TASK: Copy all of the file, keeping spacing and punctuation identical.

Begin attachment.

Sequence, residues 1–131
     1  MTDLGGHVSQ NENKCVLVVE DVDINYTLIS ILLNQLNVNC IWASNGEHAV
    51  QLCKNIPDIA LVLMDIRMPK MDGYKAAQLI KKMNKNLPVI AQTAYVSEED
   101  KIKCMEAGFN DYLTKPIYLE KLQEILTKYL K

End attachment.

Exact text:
Sequence, residues 1–131
     1  MTDLGGHVSQ NENKCVLVVE DVDINYTLIS ILLNQLNVNC IWASNGEHAV
    51  QLCKNIPDIA LVLMDIRMPK MDGYKAAQLI KKMNKNLPVI AQTAYVSEED
   101  KIKCMEAGFN DYLTKPIYLE KLQEILTKYL K